Surprising UNESCO: a selection from Flanders' world heritage

Praalstoet van de Gouden Boom © Toerisme Brugge - © Jan D'Hondt
Heritage abounds in Flanders. That is not an empty clai as world heritage organisation UNESCO also shares this view. Over the years, it has recognised dozens of forms of (in)tangible world heritage in Flanders. Let us show you what there is on offer...
Bonifacius bridge Bruges © Toerisme Brugge - © Jan D'Hondt

The historic centre of Bruges

We begin this list in Bruges. Its medieval centre with the Belfry, the Markt with its beautiful facades, the winding alleys and canals, the cathedral provides the whole city with unique heritage. So UNESCO decided to recognise the historic centre as a whole as a world heritage site.

This city centre is a wonderful example of a medieval city that has retained its historical form. The original, gothic constructions are still part of Bruges’ identity, and the street plan from that time is still virtually intact. Moreover, the cradle of the Flemish Primitives stood here. This art movement, with Jan van Eyck and Hans Memling as exponents, was born here.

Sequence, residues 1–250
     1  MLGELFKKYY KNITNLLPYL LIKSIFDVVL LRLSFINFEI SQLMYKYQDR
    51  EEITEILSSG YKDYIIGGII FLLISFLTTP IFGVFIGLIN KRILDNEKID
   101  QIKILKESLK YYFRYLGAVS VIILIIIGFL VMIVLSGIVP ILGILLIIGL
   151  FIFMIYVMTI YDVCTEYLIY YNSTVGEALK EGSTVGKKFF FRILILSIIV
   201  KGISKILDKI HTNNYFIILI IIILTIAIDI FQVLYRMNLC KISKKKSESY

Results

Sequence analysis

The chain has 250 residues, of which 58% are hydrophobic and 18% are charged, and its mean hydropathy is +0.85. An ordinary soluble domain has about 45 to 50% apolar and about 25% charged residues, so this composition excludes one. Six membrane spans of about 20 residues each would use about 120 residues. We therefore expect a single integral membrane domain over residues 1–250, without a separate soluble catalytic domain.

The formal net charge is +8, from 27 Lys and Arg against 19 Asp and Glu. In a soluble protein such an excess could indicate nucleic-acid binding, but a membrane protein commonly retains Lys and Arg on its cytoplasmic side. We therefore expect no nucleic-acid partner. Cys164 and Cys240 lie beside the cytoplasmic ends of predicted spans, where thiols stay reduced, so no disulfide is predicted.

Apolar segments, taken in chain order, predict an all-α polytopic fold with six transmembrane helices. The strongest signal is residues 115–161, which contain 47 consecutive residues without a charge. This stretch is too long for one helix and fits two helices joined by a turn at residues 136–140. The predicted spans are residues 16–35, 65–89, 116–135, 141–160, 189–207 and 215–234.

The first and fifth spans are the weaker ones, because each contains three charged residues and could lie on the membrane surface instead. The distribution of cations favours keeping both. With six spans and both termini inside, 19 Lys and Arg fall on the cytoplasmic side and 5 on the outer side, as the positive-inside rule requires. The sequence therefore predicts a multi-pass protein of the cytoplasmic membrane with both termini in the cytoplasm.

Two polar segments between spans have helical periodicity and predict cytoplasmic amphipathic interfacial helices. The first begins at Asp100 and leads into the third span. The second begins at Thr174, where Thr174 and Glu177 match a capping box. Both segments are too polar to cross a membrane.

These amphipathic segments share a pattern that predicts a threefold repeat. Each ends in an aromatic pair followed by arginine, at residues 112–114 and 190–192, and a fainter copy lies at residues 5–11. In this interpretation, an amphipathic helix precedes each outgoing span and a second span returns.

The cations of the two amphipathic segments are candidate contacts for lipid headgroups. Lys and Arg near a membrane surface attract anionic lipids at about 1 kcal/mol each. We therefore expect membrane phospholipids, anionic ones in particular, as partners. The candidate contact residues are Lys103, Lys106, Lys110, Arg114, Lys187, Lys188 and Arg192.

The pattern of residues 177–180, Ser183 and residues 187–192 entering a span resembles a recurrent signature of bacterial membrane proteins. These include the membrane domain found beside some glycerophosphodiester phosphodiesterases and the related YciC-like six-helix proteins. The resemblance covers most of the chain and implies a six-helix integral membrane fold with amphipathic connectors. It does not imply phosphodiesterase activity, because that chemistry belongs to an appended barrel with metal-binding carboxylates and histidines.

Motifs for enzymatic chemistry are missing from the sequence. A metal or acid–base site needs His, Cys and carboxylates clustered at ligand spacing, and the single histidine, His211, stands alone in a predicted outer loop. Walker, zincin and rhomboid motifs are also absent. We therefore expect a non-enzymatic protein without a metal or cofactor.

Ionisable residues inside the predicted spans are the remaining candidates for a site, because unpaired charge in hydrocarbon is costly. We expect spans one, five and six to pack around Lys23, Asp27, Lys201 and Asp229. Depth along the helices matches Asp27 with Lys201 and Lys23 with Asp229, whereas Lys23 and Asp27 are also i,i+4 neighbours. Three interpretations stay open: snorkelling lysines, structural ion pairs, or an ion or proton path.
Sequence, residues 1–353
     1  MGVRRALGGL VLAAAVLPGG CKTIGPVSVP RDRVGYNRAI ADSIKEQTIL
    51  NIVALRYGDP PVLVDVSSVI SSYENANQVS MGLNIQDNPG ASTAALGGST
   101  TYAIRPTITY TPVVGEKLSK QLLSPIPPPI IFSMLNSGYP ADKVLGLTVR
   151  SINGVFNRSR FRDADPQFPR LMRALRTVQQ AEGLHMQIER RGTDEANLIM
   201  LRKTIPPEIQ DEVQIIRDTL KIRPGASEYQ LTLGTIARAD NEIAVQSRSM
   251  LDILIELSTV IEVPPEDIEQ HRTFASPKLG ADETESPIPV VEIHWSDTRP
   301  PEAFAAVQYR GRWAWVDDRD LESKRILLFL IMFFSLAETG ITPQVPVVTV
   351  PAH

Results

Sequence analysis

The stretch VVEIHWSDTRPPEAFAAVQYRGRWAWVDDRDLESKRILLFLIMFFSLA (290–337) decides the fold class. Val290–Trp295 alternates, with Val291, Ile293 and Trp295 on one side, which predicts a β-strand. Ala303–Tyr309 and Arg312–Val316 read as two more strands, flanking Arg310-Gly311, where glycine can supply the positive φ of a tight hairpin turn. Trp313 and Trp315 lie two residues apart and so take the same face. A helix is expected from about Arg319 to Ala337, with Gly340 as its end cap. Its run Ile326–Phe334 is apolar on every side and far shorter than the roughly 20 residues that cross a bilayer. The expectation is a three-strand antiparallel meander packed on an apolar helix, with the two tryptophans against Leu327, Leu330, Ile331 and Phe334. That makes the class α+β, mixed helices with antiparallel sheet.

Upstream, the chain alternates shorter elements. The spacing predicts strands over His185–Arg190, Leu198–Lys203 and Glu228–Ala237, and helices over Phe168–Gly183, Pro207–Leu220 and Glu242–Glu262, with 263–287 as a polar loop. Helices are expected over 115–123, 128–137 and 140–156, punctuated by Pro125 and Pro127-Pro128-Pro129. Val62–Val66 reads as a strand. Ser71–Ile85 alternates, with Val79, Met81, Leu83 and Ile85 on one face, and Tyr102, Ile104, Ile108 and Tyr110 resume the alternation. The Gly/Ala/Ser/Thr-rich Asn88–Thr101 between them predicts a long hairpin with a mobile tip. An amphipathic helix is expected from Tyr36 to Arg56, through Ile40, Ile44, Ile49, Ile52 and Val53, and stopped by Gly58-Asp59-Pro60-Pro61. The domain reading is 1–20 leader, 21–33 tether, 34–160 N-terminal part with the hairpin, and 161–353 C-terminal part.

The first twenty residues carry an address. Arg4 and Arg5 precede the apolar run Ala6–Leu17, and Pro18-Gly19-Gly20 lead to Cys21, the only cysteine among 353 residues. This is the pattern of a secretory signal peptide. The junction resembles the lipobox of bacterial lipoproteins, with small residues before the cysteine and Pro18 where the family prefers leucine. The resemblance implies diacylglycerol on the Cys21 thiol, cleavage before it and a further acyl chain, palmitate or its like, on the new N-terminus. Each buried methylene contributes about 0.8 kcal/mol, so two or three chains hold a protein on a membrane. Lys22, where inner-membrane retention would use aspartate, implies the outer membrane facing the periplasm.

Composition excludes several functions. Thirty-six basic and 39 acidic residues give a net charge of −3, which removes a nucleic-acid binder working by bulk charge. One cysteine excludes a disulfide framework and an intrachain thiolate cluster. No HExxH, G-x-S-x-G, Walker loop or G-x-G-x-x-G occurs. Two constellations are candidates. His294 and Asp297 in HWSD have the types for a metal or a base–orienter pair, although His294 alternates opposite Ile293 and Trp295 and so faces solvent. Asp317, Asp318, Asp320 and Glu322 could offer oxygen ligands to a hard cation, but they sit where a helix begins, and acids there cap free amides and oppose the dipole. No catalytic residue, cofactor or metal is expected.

Those who hunger for a taste of heritage, return content from Bruges. But where exactly should you go? Our itinerary ‘48-hour Bruges: a medieval romance’ gives you an introduction. Even if it is only a glimpse of what vibrant Bruges has to offer.

Friends drinking beer on a terrace - cheers

The Belgian beer culture